By Bitan Bhadra

BRICS is comprised of many a strong economies yet each of the countries are totally unique in their form of government. Some with promising and some with not so promising futures, yet each of them has a promising present. Many view EU and BRICS to be the next big world economy game changers. They are predicted by many to evolve and grow stronger that soon they could break off from US centered world economy and form parallel economic powers. How much that is feasible, only time will prove. But, unlike EU, BRICS has a huge head start and distinctive advantages. The BRICS nations represent approximately 40% of the world population. China, India and Russia, three huge economies can act as the fulcrum. While Russia is the oil power, china the manufacturing and India both agriculturally and services sound, mutual co-operation can build a unique self sufficient economic power. But again the Indian services market is still hugely made of American firms. US and EU are consumers of Russian energy sectors and china has export ties with US. So the world economy has become intertwined in between countries, all depending on one another. EU has recently seen a chain of downfalls; many currencies also fell in value. There exist problems in each and every part of the world. The BRIC countries cumulatively face problems of high inflation, lack of foreign investment and social and political unrest, corruption and unstable trade ratio. There remains risks that government stimulus may prompt asset bubbles and not a real increase in domestic demand. Domestic demand in India and Brazil has been showing signs of resilience. Despite the commonalities, there remain significant differences between the BRICS in terms of their growth outlook, the channels by which they were affected by the global recession and their future growth models. Although there are differences, BRICS has started providing its constituent countries a platform to engage with the international community more progressively. BRICS can now manipulate the international rules with greater power and seek greater representation in global institutions. All in all, though they may use different models, they depend on each other and make each other stronger. Unlike cold war era and subsequent decades, when Russia or US struggled for power or when US seemed the end of answer for all economic calculations, the world today is no more unipolar. The economies are interdependent and thrive only on co-operation. These traits make the world not only secure but also stronger. The formations of pockets of economic powers like EU, BRICS, KIMT does not guarantee new economic power poles, but do ensure co-operation and improvement of markets. The recent depression has shown how all trade markets take a plunge when any one in any corner of the world does so. These small power pockets will make comprising markets stronger less susceptible to downfall which in turn strengthens world markets.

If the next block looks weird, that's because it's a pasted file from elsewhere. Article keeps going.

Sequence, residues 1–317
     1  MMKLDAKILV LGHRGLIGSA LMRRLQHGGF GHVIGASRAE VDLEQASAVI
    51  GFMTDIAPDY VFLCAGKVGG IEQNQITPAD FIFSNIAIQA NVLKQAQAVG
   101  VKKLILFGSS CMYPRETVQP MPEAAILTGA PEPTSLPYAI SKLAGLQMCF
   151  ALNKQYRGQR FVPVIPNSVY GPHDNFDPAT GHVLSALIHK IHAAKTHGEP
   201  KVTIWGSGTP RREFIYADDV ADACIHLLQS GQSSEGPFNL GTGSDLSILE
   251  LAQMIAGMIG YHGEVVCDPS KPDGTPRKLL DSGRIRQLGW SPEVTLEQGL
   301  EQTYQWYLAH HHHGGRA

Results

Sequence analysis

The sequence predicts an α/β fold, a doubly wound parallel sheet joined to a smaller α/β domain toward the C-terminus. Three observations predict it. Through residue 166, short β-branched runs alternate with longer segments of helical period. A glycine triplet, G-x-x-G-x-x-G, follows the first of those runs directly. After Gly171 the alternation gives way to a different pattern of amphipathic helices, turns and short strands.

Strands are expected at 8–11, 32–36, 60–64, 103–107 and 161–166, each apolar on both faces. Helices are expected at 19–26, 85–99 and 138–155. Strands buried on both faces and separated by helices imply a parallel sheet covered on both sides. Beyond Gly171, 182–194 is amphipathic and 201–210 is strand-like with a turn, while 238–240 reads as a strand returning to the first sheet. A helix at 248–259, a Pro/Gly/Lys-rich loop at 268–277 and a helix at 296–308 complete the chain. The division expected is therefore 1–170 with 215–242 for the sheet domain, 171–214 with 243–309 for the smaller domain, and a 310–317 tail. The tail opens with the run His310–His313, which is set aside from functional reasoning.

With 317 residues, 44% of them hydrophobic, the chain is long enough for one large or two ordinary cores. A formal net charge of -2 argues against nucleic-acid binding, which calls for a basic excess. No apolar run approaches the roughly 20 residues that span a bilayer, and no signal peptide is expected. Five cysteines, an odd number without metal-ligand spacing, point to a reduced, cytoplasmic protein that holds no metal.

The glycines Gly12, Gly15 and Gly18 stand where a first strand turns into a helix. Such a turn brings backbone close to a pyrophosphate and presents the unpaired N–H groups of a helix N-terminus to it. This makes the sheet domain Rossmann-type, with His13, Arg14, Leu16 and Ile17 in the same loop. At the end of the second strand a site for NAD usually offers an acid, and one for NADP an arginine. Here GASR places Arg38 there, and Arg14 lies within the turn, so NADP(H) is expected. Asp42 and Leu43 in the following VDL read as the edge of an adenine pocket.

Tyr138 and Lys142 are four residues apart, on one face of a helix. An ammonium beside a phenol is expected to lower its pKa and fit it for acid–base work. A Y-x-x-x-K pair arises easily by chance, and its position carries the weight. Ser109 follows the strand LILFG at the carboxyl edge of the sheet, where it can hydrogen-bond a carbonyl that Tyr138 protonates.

Bitan Bhadra is a mechanical engineering student from KIIT University. His areas of interest include politics, international affairs, social systems and economics. He is optimistic of India and its future. He has previously written in many platforms on various issues. He is also an avid traveller, trekker and chess player.

Posted by The Indian Economist | For the Curious Mind